Many South Sound residents awoke to snow on Sunday morning.
While it’s not expected to last for long in some areas, according to the National Weather Service, temperatures will continue to dip. The latest NWS forecast predicts temperatures as low as 24 degrees in Tacoma on Sunday night, followed by lows of 22 degrees on Monday and 27 degrees on Tuesday. Wind chill could make temperatures feel as if they are 14-19 degrees.
In Thurston and parts of Lewis and Mason counties, a winter weather advisory is in effect until 4 p.m. The area could receive 1-4 inches of snow, the NWS advisory states. “Plan on difficult travel conditions, and be prepared for poor visibilities at times.”
Temperatures are expected to drop to 20 (with a wind-chill value of 13-18 degrees) on Sunday night and 18 on Monday in Olympia.
An NWS winter weather advisory that included Pierce County was issued at 10:18 a.m., although it stated the heaviest snowfall was in northern Snohomish County. It was scheduled to last until 4 p.m.
Here’s a look at other weather-related news around the region:
▪ In a 1:08 p.m. tweet, the Washington State Department of Transportation warned of severe side winds on the Tacoma Narrows bridges.
Severe Side Winds on both dirs. SR 16 near Tacoma Narrows Bridge at mp 7.— WSDOT Tacoma Traffic (@wsdot_tacoma) February 18, 2018
▪ Crews were working to remove a jackknifed semi from the northbound lanes of Interstate 5 near Grand Mound on Sunday, according to the Washington State Department of Transportation. The road has been cleared.
Vehicle recovery also underway on NB I-5 at mp 91 near Grand Mound. pic.twitter.com/2b0l6bzpkh— WSDOT Tacoma Traffic (@wsdot_tacoma) February 18, 2018
▪ Another vehicle recovery created delays on I-5 near Maytown, according to a WSDOT tweet. The work is now complete.
Big tow truck/crews pull big rig from ditch. Nice work! pic.twitter.com/mMqkZOFpLp— WSDOT Tacoma Traffic (@wsdot_tacoma) February 18, 2018
▪ Traction tires are required on White Pass and advised on Blewett, Snoqualmie and Stevens passes.
▪ Thurston County Public Health and Social Services issued a “Code Blue” Saturday to expand homeless shelter services because of the weather. The “Code Blue” is scheduled to last through Wednesday.
“This hazardous weather puts those in our community who do not have adequate shelter or heat sources at serious risk of hypothermia or even death,” said Public Health Director Schelli Slaughter in a statement released Saturday. “Activating ‘cold blue’ will allow for additional emergency shelter capacity to keep our most vulnerable populations safe, dry, and warm.”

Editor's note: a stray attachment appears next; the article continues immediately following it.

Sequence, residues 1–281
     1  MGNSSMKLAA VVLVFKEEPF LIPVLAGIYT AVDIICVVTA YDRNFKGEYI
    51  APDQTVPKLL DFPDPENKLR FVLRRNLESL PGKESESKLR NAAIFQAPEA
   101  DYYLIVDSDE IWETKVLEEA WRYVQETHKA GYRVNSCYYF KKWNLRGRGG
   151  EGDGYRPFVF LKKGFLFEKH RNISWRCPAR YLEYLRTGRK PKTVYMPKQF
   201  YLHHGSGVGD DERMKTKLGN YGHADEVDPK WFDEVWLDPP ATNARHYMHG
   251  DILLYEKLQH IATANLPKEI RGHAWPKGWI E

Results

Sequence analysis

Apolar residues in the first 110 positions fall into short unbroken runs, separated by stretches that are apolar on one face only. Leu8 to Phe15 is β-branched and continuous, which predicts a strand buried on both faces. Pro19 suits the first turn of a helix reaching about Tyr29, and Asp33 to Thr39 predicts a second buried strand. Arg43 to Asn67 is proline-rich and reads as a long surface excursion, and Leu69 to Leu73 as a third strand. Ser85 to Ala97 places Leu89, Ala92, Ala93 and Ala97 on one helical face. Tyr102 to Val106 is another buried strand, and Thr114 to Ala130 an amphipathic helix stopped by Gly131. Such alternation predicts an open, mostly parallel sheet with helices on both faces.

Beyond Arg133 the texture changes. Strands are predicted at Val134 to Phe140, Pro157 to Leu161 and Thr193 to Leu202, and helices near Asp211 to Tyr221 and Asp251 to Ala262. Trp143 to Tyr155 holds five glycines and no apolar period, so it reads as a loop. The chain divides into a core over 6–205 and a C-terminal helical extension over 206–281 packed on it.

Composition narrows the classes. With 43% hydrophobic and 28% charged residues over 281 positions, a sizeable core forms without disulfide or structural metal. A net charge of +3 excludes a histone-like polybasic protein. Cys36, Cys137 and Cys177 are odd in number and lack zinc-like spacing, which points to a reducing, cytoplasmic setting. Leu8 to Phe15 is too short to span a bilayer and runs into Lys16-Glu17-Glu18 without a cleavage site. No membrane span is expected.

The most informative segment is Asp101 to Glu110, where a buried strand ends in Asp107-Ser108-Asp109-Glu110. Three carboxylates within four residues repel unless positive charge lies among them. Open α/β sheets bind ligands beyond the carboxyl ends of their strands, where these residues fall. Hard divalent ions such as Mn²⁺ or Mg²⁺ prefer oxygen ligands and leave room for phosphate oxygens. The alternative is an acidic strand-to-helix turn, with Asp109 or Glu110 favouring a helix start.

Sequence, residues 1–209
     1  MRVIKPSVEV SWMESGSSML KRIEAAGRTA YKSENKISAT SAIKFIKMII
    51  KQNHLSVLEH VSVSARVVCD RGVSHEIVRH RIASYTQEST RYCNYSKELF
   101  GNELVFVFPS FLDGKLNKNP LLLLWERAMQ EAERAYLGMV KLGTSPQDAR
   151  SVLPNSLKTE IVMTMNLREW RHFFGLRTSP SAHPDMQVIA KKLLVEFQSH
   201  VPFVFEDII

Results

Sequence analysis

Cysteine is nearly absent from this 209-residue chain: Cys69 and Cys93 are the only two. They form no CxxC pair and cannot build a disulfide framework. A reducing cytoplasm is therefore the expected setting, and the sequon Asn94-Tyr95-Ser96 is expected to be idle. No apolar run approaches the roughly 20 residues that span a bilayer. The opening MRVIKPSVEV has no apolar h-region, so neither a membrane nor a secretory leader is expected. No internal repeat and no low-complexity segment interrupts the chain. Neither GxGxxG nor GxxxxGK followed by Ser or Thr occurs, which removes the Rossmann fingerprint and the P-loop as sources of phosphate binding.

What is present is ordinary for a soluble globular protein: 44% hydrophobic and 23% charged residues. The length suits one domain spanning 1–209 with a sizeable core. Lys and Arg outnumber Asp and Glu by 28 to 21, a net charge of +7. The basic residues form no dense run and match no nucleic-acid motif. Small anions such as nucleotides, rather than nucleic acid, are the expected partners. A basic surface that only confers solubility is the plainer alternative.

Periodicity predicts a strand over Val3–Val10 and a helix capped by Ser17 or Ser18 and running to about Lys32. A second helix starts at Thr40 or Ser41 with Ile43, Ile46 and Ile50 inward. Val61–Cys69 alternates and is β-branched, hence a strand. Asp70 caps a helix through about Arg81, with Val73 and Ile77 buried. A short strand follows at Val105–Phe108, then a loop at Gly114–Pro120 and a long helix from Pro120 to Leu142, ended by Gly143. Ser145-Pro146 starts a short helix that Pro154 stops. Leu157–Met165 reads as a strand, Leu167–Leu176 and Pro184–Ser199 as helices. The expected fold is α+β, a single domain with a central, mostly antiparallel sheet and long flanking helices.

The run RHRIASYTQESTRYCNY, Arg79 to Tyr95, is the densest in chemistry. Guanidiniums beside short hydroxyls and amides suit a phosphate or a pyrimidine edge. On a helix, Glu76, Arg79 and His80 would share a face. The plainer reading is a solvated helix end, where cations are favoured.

▪ White Pass Ski Area reports it received 24 inches of fresh snow in 24 hours. Crystal Mountain’s website boasts that the resort has received more than three feet of snow since Wednesday. And the Summit at Snoqualmie says 27 inches of snow dumped on Alpental in 48 hours. At Stevens Pass, all of the ski area’s parking lots were full within an hour of opening.
▪ At Mount Rainier National Park, the road to Paradise will be closed at Longmire on Monday. All vehicles are required to carry chains.
The gate to Paradise at Longmire will remain closed today due to weather-related road conditions. The road is open to Longmire. All vehicles are required to carry tire chains. -np— MountRainierNPS (@MountRainierNPS) February 18, 2018
▪ At Olympic National Park, the road to Hurricane Ridge is closed Sunday due to snow and high winds.
▪ The Northwest Avalanche Center says avalanche risk for backcountry travel is “high” (it’s second-highest rating) on the west slopes of the Cascades and “considerable” (it’s third-highest rating) on the east slopes and in the Olympics.
▪ Puyallup Parks have reopened, Puyallup Police tweeted shortly before 11 a.m. The parks closed Saturday after wind blew down multiple trees.
▪ Wind speeds hit 134 mph at Camp Muir on Mount Rainier on Saturday afternoon. It had dropped to 28 mph at 10 a.m. Sunday.
▪ A high-surf advisory is in effect for many coastal beaches until 2 p.m.
▪ Nearly 600 Puget Sound Energy customers near Littlerock and 183 in Tenino were without power on Sunday morning. The company’s website said it was investigating the outages and had not yet posted an estimated restoration time. More than 900 customers were without power north of Olympia, but PSE’s website estimated power would be restored by noon.
▪ The snowfall is good news for the mountain snowpack. The most recent snow depth report by the Northwest Avalanche Center published Feb. 15 and showed Crystal Mountain (95 percent of normal), White Pass (66), Paradise (89), Snoqualmie Pass (83) and Stevens Pass (86) had less snow than normal. Mount Baker (111) and Hurricane Ridge (107) had more snow than normal.
Here’s a safety tip, phoned in by Captain Obvious... IT WILL FREEZE AFTER SUNSET. The roads will be icy. It will be difficult to go from point A to point B, without smashing your car directly into point B. If you must be on the roads, please slow it down and plan your route. pic.twitter.com/RN0pryPpF2— Lacey Fire (@LaceyFireDist3) February 18, 2018
This story will be updated as more information becomes available.